The recent New Yorker piece on Paul Krugman may have the most beautiful example of an "I got the future so wrong, which is why I'm so right" argument I've ever seen:

Last fall, Krugman wrote an article for the Times Magazine, “How Did Economists Get It So Wrong?,” about the profession’s failure to anticipate the financial crisis, and what that revealed about its failings in general. He accused his colleagues of mistaking beauty for truth. They were so enamored of the elegance of their models and the consistency of their logic, he wrote, that they had come to believe that assumptions that were originally adopted merely as tools (perfectly rational individuals, efficient markets) by Milton Friedman’s generation were so sacrosanct that economics wasn’t economics without them. Freshwater types, in particular, had forgotten the Depression, forgotten what Keynes had said about the resemblance of financial markets to casinos. So attached were they to the idea that markets always got things right that some actually suggested that unemployment must be a consequence of workers’ choosing not to work. Saltwater economists were less blinkered in their view of markets and the rationality of investors, Krugman wrote (Larry Summers, a saltwater type, once began a paper on finance by declaring “THERE ARE IDIOTS. Look around”), and had retained a Keynesian view of recessions as crises of insufficient demand. But even saltwater models had no room for such wild imperfections as bubbles and banking-system collapse. “Economists will have to learn to live with messiness,” Krugman concluded.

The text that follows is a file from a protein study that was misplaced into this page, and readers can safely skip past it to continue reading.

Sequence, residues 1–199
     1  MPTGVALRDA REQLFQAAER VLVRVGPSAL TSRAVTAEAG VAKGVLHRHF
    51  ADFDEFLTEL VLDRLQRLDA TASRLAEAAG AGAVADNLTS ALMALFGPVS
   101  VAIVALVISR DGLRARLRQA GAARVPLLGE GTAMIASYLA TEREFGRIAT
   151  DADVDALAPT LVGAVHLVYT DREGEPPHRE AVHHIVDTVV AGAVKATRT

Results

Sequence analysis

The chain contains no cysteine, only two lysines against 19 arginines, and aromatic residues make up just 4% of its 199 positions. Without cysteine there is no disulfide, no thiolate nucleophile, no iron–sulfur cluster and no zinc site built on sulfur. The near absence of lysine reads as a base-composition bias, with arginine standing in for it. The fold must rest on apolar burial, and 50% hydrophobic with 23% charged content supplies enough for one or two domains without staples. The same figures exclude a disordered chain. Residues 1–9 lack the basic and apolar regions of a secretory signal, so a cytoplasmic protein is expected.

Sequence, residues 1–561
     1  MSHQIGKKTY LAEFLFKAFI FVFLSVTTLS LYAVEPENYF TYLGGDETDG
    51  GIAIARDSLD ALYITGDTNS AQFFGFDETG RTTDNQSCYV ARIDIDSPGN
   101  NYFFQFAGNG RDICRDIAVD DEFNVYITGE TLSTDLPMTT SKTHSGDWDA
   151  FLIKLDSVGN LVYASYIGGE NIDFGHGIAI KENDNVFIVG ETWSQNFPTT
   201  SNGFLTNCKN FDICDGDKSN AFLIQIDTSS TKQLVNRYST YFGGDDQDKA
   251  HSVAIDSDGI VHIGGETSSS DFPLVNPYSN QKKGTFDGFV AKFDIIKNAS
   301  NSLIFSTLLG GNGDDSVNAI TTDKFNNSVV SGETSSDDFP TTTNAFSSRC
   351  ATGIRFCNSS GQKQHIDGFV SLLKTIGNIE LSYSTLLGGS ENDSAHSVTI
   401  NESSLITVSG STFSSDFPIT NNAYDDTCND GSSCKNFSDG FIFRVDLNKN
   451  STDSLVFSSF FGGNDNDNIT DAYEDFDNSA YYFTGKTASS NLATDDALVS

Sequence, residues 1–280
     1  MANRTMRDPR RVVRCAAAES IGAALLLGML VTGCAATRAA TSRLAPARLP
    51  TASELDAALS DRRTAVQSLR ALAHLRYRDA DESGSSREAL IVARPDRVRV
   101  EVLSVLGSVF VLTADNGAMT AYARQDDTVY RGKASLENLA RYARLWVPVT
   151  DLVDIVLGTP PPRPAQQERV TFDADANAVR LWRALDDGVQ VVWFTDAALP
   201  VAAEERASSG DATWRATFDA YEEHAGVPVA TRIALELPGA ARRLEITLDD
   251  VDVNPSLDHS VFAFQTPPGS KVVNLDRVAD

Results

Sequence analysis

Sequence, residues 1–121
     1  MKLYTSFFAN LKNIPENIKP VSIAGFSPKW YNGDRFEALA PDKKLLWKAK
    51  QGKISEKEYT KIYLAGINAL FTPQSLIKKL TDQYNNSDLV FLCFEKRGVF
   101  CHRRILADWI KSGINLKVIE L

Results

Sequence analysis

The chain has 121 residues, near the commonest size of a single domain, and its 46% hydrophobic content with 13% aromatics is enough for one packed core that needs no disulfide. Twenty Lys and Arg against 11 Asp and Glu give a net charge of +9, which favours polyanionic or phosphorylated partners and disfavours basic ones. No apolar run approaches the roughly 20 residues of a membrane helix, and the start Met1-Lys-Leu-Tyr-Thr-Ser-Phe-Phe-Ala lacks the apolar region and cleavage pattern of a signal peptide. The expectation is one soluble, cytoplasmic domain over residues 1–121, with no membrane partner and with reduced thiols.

Reactions to his article were quick and outraged. “Who are these economists who got it so wrong?” a Washington University economist, David Levine, wrote. “Speak for yourself kemo sabe. . . . It makes me feel physically ill that a distinguished economist could be so ignorant of his own profession.” “How sad,” John Cochrane, of the University of Chicago, wrote. “Don’t argue with them, swift-boat them. Find some embarrassing quote from an old interview. Well, good luck, Paul. Let’s just not pretend that this has anything to do with economics.” Levine and Cochrane maintained that the fact that freshwater economists had failed to predict the financial crisis was not an embarrassment to their theories but a confirmation of them: “The central empirical prediction of the efficient markets hypothesis is precisely that nobody can tell where markets are going—neither benevolent government bureaucrats, nor crafty hedge-fund managers, nor ivory-tower academics,” Cochrane wrote. If professional economists failed to predict or understand the crisis, how could it make sense for Krugman to argue that bureaucrats would do a good job of curing it? [emphasis added]

Also, James Galbraith follows up on Krugman with a piece about the ones who did get it right. And this Michael Lewis piece about Wall Streeters who saw it coming is also great (as is everything Lewis writes).